Saturday, April 21, 2012

Weekend News Roundup : Somali Prime Minister Abdiwali Mohamed Ali visited Daynille district in Mogadishu Front-line. AMISOM Captures Daynille Airstrip.Mortar slam into residential houses in Mogadishu, killing one person, Senior militant leaders defect to TFG side

AMISOM’s Burundian contingent last evening launched an operation to secure outstanding areas of the Banadir distict which extremists have been using to target the population in the capital, Mogadishu.In a press release the force said the operation resulted in the capture of the Daynille airstrip which was previously controlled by the extremist group Al Shabaab.Brigadier General Audace Nduwumunsi, the AMISOM Deputy Force Commander, said the operation was necessary to deny the extremists a platform to target the people of Mogadishu.“The international community has mandated AMISOM to secure Somalia so its people have the opportunity to select a form of government that is best suited to them. By securing the strategically important Daynille airfield, we have made a big step towards making this a reality and helping create the necessary conditions for reconciliation and reconstruction,” he said.In February the United Nations Security Council passed a resolution enhancing the AMISOM mandate and expanding its authorized strength to 17,731.AMISOM has expanded its presence throughout the south and central regions of the country including Banadir, Baidoa, Lower Juba and Gedo.

Mortar slam into residential houses in Mogadishu, killing one person

One person was killed and 11 others were injured when a mortar slammed into Mogadishu’s Wadajir district on Thursday night.Reports say the mortar struck the victims, mainly women and children, at their home compound in Obasibo neighbourhood, Wadajir district. The injured people were rushed to health facilities in Mogadishu for treatments.The area district commissioner Ahmed Hassan Adow blamed Al-Shabaab militants for the attack, saying that the group is against the wellbeing of the Somalis people. 

Senior militant leaders defect to TFG side

Two alleged Al-Shabaab militant leaders surrendered to government troops in Lower Juba, officials say.

One of the alleged defectors, Mohamoud Hajji Korane gave himself up together with two of his guards and a battle-wagon to the Somali forces in Qoqani town.
The militant leader surrendered Thursday evening after negotiating with the relevant government authorities in the area, according to TFG officials.
Another militant leader only named Anas also surrendered early Friday morning.
TFG official, Col. Mohamed Abdullahi confirmed the defection of the two militant leaders to terror free somalia, saying that the two were in contact with the area government officials for a couple of days seeking amnesty before giving themselves up.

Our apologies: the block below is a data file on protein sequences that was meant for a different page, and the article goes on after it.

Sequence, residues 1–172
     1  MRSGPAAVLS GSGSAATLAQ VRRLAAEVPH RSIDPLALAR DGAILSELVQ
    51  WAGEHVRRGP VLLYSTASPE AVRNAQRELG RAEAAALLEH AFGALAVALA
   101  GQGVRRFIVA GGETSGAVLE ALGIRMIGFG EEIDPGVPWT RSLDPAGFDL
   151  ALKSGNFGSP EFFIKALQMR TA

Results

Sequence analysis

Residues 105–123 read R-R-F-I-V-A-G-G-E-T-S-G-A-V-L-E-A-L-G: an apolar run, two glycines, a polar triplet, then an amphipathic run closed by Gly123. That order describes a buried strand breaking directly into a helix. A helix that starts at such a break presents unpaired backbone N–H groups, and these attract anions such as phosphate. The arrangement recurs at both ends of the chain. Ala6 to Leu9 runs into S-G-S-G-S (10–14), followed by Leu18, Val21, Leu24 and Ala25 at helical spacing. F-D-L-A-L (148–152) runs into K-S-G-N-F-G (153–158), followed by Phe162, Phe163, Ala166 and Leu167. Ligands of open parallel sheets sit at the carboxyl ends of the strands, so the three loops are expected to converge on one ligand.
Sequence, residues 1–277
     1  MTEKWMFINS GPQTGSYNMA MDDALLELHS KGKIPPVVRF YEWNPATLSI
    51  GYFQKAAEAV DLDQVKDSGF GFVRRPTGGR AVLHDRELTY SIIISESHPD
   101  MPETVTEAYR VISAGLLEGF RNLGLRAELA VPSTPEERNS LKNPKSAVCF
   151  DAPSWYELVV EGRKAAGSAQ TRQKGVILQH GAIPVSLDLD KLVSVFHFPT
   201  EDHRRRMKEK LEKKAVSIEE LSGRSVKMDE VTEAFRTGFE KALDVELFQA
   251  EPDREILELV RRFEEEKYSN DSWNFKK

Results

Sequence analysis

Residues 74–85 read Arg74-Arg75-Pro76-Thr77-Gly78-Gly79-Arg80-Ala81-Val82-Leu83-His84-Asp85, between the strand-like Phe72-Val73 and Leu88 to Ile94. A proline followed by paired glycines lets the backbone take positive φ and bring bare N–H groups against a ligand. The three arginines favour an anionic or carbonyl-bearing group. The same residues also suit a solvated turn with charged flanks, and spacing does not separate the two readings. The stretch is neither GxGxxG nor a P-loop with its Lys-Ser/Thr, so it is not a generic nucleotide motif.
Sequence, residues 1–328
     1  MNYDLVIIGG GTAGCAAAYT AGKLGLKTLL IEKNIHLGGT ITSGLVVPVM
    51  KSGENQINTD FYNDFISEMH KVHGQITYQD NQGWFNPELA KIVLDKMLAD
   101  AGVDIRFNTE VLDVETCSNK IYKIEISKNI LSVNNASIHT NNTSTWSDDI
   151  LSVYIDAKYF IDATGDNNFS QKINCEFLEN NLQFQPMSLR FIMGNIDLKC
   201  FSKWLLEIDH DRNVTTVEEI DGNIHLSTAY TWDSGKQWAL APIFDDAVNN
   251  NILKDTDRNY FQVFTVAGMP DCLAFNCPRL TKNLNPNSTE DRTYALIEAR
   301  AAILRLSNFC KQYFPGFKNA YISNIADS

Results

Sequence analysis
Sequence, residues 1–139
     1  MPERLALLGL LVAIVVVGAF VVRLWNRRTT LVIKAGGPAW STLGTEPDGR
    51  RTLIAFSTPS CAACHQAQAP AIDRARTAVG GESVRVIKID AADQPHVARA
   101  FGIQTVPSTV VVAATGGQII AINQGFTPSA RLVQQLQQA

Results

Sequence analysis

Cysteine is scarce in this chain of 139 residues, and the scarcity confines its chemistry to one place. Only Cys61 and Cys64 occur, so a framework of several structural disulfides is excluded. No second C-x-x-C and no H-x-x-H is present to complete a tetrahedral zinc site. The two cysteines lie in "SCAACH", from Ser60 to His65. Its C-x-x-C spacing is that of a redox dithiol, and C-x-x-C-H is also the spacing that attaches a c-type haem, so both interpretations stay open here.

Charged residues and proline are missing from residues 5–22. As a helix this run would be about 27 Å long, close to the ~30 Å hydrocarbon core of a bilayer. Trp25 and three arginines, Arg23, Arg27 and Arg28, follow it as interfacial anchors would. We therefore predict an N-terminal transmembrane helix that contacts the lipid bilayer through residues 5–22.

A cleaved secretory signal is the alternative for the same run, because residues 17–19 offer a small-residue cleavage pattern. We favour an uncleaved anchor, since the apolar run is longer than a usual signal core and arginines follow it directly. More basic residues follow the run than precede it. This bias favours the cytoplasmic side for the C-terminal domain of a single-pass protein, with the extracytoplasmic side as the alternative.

Abdullahi said they will hand over these defectors to the government’s command centre in Dobley to ascertain the geniuses of their defection.
He further said they received them warmly to encourage other defectors to follow suit.
TFG has on several occasions in the past displayed alleged militant defectors joining their ranks, attributing this mass defection for their continuous provision of amnesty to militant defectors.

Ra’iisul Wasaaraha oo maanta soo kormeeray jiida hore ee dhufeysyada degmada Dayniile ee duleedka Muqdisho.
Somali Prime Minister Abdiwali Mohamed Ali  visited Daynille district in Mogadishu

Muqdisho, April 21, 2012-----Ra’iisul Wasaaraha Soomaaliya Dr. Cabdiweli Maxamed Cali Gaas ayaa maanta  booqasho kormeer ah ku tagay jiida hore ee dhufeesyada  degmada Dayniile ee duleedka Magaalada Muqdisho, halkaasi oo ay gacanta ku hayaan ciidamada dowladda iyo kuwa AMISOM.

Ra’iisul Wasaaraha ayaa waxaa kormeerkiisan ku wehlinayay Wasiirka Gaashaandhigga dowladda Mudane Xuseen Carab Ciise, Taliyaha Hay’adda Nabadsugidda Qaranka Mudane Fiqi iyo saraakiil kale.

Waxaa Ra’iisul Wasaaruhu halkaasi ku soo dhaweeyay taliyaha Ciidanka Xoogga dalka Soomaaliyeed Gen.Diini iyo abaanduulaha ciidnak Xoogga dalka Soomaaliyeed Gen. Dhagabadan iyo Taliye ku xigeenka ciidanka AMISOM, waxaa warbixin ka siiyay taliye ku xigeenka AMISOM isla maraana sheegay in wakhti aan fogayn la wareegi doonaan Afgooye iyo Ceelasha Biyaha ciidankii howshaa qaban lahaana ay hadda diyaar ku yihiin halkaan.

Sidoo kale waxaa warbixino laga dhagaystay taliyaha Ciidanka Qaranka Soomaaliyeed Gen. Diini isagoo xusay in ciidanku ay ku shaqeeyaan daruufo adag isla markaana u babacdhigeen codawga iyagoo ka saaray goobo badan haddana ay diyaar u yihiin in ay difaacaan dalkooda iyo diintooda, waxaa kale oo uu xusay Generalka in lasoo kordhiyo lana tayeeyo ciidanka qaranka si ay awood ugu helaan inaay hantaan dhamaan amniga dalka.

Warbixinadaas kadib waxaa isna goobtaas ka hadlay wasiirka Gashaandhiga Mudane Xuseen Carab Ciise, isagoo tibaaxay in ciidanka Qaranku iska leeyihiin Mudnaanta koowaad dowladuna ku dadaalayso sidii ay u heli lahaayeen xuquuqdooda oo dhamaystiran, wuxuuna mahadcelin balaaran u soo jeedshay ciidanka AMISOM oo lagarab taagaan taageero ciidan.

Dhanka kale waxaa isna goobtaas hadal qiimo badan kajeediyey Ra’iisul wasaaraha XKMG ee Soomaaliya Dr. Cabdiwali Maxamed Cali Gaas oo u mahadcelieyey ciidamada XDS iyo kuwa AMISOM.